glass with mineral water image by Alexander Maksimov from

Sparkling water has maintained its popularity since it first hit supermarket shelves in the 1980s. In fact, you can now even have carbonated water systems installed in your home for a fee. In addition to being a remedy for an upset stomach, sparkling water has other practical uses. You can use it in making a substitute for a glass of wine with your dinner. Drinking sparkling water may also positively affect your risk for heart disease.

Substitute for Alcohol and Soda

Sparkling water can be added to fruit beverages at parties as a substitute for alcoholic beverages. This is a great way to accommodate designated drivers and other nondrinkers. Also, fizzy water is a substitute for many soda brands. Add a lemon or lime wedge, and your kids won't know the difference. Carbonated water may contain small amounts of sodium, but avoiding the harmful high fructose corn syrup in many soda brands makes this alternative a healthier one for both you and your family.


It's been said that boiling sparkling water instead of regular water when preparing pasta or rice will ensure a lighter texture, according to Sparkling water can also be added to food recipes, in concert with other ingredients, as a substitute for the flavor of alcohol. You can also add it to tea for another alternative to wine.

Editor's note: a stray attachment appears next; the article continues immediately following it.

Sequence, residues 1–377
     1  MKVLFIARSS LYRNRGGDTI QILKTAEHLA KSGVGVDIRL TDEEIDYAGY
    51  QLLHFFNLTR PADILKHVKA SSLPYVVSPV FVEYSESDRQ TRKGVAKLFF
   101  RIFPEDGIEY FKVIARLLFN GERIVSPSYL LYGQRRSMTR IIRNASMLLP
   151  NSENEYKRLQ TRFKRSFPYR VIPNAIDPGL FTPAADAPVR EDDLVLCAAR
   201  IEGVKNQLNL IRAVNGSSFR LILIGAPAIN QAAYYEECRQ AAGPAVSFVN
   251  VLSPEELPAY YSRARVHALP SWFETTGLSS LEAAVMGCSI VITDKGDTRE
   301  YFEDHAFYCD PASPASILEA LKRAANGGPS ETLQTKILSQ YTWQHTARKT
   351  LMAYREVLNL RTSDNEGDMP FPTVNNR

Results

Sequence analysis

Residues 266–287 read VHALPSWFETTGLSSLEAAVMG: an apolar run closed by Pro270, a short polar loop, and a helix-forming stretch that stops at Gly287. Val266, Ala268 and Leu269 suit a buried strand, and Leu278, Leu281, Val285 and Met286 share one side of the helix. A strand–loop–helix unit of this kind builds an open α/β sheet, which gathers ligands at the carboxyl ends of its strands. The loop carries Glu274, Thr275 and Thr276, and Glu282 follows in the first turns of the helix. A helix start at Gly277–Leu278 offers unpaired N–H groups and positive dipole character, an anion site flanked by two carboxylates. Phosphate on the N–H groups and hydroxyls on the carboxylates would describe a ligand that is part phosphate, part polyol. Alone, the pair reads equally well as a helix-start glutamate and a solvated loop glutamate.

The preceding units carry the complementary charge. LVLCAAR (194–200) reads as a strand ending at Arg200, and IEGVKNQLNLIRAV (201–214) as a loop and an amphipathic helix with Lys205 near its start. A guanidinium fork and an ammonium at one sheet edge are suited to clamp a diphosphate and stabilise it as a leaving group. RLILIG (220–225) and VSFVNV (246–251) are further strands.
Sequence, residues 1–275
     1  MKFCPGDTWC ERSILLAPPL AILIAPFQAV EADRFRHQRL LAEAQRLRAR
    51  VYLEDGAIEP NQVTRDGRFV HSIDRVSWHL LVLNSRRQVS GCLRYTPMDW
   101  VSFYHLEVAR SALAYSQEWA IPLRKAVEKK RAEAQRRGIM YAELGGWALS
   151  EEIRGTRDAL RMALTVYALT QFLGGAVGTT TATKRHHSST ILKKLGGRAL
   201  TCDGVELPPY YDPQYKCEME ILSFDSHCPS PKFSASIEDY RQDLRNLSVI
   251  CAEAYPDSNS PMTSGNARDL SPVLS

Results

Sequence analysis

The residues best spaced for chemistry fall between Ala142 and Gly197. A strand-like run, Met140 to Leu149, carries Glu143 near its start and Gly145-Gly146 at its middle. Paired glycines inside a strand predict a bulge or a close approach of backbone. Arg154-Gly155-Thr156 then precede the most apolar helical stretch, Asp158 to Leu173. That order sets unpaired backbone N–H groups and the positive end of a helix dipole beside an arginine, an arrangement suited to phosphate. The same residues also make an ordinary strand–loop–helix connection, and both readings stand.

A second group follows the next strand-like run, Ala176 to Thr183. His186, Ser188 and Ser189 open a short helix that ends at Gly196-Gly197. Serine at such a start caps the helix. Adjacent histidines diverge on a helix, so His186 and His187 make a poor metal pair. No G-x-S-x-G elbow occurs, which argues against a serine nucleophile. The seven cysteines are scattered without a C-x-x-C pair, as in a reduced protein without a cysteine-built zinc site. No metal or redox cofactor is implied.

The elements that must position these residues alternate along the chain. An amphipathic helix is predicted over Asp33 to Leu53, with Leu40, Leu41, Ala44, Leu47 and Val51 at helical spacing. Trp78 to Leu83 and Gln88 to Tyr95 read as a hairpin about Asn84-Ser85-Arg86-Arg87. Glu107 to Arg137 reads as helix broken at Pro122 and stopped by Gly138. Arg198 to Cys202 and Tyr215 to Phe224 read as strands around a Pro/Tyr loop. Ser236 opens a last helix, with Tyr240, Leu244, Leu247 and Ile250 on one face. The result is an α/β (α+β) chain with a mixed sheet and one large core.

Health Benefits

According to a "Journal of Nutrition" study in which a group of women were given both flat and carbonated water to drink over a four-month period, sparkling water was a factor in lowered low density lipoprotein, or LDL, cholesterol levels and increased levels of high density lipoprotein, or HDL, cholesterol. LDL is thought to be a risk factor for heart disease, while HDL reduces the risk. The secret ingredient may reside in the bubbles; sodium, while harmful if ingested in large enough quantities, may be good for balancing cholesterol when consumed with carbonated water.

Removing Stains

Stain removal is another popular use for sparkling water. The water's carbonated bubbles have been known to lift wine and food stains from clothing, furniture and carpets, according to

About the Author

Christopher de la Torre

Christopher de la Torre has been writing about science and communication since 1998. His work appears on websites including Singularity Hub and in "Vogue." He holds a Bachelor of Science in biology and a Bachelor of Arts in English from Eastern Connecticut State University and is pursuing a master's degree in English from George Mason University.